Menu planning can be tough, especially for first time moms or first time wives. But even for some moms who have been cooking for their family for years, it’s still a struggle to always think of the next meal to cook. Creating a weekly menu plan is a big help for eliminating stress and speeding up meal preparation. With a menu plan, you can make things hassle-free, rather than rummaging to the fridge then rushing to the store if there’s some ingredient missing.
Benefits of Creating a Meal Planning Notebook
1. Saves time
The whole process of thinking and planning out the meals you’re going to eat for the day may seem like a difficult thing to do every day. So if you plan your meals for the week ahead of time, you can see the time saved that will be otherwise spent by thinking for every meal, then going to the store to buy ingredients you don’t have. It’s better to take an hour to sit down and do all the meal planning than go through the week having multiple grocery store trips.
2. Saves money
When you make a menu plan, along it comes making a grocery list. Going to the store once will result in fewer temptations and less impulse purchases. Otherwise, you may be going to the grocery store to buy just a few missing ingredients but end up with a full bag of groceries because you craved what you saw.
3. Gives you a chance to eat smarter
If your meals are unplanned, it’s highly likely for you to simply order takeout once you have to make a decision at the last minute. But if you plan it ahead of time, you can make sure that your family is eating an appropriately varied diet – it may not be always balanced, but the good thing is it’s varied. With a planned menu, you can make sure that they are getting fruits and veggies, as well as whole grains and proteins. Making a weekly menu plan allows you to improve the nutrition of your household.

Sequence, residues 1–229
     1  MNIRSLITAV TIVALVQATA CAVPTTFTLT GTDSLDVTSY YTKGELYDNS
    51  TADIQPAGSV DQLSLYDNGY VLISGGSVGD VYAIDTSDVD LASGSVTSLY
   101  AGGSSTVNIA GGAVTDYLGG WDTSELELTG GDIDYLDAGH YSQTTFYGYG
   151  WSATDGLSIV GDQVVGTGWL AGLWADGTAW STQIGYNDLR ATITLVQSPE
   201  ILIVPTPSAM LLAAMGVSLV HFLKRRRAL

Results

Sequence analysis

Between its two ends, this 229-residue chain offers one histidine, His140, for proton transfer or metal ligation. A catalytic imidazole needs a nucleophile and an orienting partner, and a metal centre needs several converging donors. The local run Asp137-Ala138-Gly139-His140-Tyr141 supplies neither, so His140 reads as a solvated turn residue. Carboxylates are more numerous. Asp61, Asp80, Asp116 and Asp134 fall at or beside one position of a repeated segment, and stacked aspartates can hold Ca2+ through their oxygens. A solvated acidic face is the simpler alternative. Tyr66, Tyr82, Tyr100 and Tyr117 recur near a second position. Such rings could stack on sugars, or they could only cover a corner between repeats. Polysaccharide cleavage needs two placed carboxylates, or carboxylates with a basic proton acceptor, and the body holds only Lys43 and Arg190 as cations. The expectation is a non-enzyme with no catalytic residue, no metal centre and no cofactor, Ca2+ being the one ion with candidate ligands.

Tips for Creating a Menu Planning Notebook
There are big advantages to creating a menu planning notebook, but you may not know how to start. Here’s some helpful tips to create menu plans:
1. Have a list of trusted recipes
Menu planning isn’t the time to try a bunch of new recipes you saw on Tasty or Pinterest. You will want to start with your tried-and-tested recipes that your family already loves. It’s also a good idea to ask for their inputs and ideas as well. Like for instance, they may want a certain meal to be cheesier or spicier, so you can adjust your recipes and your grocery list.
2. Sort the recipes by its proteins
Even avid fans of chicken can get tired of eating it for dinner all week. Try to serve chicken, fish, beef, pork, or any source of protein you may want. You can also add meatless meals. Then, alternate the proteins so people are not eating the same thing two nights in a row.
3. Check what you already have
Check your fridge, freezer, cupboards, and pantry to see what ingredients you don’t need to buy. If you have many stocks, it’s best to build your menu plan off of those. For example, if you have a lot of uncooked pasta, then you may want to plan a pasta dish and list all the other ingredients of a certain dish you want to cook.